Marketing is an essential facet in the development and success of every organization in today’s business world. This complex term is often used to describe the process that companiey’s use to communicate, deliver and satisfy their consumer’s need and wants. Through the use of plans known as marketing strategies, organizations can set various objectives that may range from informing a target audience about a new product to the sales and distribution of the product. This paper’s intention is to examine the various definitions for marketing and look at the examples that support each definition.
There are countless variations for the definition of marketing. According to Contemporary Business, Marketing is as the means of determining the needs and wants of a target audience. Then taking that information and using it to provide the goods or services that will fulfill or exceed the expectations of that specific target audience (Boone, 2002).
One example that supports this definition for marketing is The Children’s Jewellery Company located in the United Kingdom. This is a small business in the fashion industry whose target market is children. The Children’s Jewellery Company designs and produces unique beaded jewelry for children at reasonable prices. The company has used word of mouth and the Internet to promote its regular products as well as introduce its newest product line. The new line is hair accessories and targets girls and babies that differsdiffer from the Jewellery Company’s jewelry line. Along with its unique products, the company also provides a personalized service for weddings and other special occasions (Company, 2009).
Marketing has also defined as the performance of activities that seek to accomplish an organization’s objectives by anticipating customers’ or clients’ needs and directing a flow of need-satisfying goods and services from producer to customer or client (Perreault, Cannon, & McCarthy, 2002).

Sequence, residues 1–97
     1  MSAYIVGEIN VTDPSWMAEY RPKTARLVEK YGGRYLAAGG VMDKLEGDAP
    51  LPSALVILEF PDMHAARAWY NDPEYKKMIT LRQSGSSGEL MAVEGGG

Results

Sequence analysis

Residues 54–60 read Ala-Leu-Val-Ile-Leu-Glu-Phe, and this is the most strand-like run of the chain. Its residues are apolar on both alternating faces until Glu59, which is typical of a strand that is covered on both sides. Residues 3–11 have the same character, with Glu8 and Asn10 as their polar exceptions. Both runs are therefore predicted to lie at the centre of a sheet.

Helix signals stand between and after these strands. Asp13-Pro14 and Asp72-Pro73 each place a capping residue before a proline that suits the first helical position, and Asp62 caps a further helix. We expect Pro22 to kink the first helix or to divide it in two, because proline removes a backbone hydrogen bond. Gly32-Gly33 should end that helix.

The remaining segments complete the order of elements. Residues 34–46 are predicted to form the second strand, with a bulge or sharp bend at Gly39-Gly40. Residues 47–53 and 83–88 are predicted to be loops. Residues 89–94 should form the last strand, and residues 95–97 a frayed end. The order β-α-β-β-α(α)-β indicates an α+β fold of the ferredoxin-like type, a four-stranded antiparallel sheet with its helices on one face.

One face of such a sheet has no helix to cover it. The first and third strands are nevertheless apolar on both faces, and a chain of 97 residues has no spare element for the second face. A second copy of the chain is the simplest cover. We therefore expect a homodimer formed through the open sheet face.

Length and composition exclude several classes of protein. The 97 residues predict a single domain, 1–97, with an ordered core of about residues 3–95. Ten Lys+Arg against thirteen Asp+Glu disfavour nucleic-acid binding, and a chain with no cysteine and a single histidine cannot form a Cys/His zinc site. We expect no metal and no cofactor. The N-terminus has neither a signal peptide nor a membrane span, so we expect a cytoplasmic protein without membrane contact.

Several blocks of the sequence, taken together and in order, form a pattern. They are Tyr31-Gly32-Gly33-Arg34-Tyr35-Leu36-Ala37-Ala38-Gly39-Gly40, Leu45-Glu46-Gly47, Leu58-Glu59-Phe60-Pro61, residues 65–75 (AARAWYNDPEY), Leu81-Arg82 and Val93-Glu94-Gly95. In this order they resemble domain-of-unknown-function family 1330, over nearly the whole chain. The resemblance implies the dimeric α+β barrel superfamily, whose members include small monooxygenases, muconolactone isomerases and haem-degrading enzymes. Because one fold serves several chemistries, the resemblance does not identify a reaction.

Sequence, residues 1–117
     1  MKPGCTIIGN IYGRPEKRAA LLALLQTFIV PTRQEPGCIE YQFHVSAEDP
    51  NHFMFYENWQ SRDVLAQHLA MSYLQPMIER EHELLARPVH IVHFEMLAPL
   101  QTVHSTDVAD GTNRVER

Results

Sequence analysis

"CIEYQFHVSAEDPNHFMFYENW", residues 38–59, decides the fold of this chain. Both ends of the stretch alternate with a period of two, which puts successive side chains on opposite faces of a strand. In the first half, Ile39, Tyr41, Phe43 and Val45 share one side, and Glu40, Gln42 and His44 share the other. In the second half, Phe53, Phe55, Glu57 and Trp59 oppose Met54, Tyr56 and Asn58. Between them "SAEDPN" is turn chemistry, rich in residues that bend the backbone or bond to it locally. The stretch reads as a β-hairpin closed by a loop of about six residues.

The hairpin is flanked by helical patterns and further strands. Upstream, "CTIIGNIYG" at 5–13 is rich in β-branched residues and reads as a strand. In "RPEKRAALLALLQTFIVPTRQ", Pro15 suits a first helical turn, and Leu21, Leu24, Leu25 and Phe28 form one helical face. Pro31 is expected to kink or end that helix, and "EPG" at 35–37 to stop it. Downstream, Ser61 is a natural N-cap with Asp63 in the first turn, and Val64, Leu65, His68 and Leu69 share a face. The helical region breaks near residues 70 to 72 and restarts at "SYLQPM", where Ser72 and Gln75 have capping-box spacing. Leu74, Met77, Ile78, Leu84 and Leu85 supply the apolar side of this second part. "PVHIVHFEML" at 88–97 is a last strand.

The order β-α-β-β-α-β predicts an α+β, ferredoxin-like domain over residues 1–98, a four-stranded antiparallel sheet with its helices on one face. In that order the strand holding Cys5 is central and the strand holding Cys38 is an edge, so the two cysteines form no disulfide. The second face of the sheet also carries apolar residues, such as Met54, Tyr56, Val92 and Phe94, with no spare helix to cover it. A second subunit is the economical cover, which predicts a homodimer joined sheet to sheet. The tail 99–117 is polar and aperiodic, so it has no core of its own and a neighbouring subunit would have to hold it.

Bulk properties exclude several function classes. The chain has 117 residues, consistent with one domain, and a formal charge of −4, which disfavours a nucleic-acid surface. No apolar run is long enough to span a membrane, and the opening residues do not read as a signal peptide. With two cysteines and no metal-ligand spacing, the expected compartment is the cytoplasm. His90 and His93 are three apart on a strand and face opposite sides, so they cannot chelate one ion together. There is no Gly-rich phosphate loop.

Another successful organization that supports the definition for the term marketing is Starbucks. This coffee giant focuses on every aspect of the four P’s. The first P in the mix the company focuses on is place. All of Starbucks’ coffee shops are in high traffic neighborhoods. These neighborhoods include near or on college campuses, malls, and business plazas. With this, Starbucks was last recorded as having over 27,000 stores between the United States and internationally in 2009. Unfortunately, this count included the 900 stores the Starbucks Corporation intended on closing within the United States and the other 900 it planned on opening internationally (Coffeealera, 2009).
Next, the company concentrates on how it promotes its products which is the second p in the marketing mix. With the need to reach such a vast number of consumers, Starbucks uses various types of campaigns. One is a coffee service to businesses provides and delivers hot fresh coffee and pastries to the business. Another is Starbucks donations and support of nonprofit organization in the surrounding communities. By doing so, the company gains free advertising and increases brand and product awareness to potential customers (Bhaskar, 2009. ).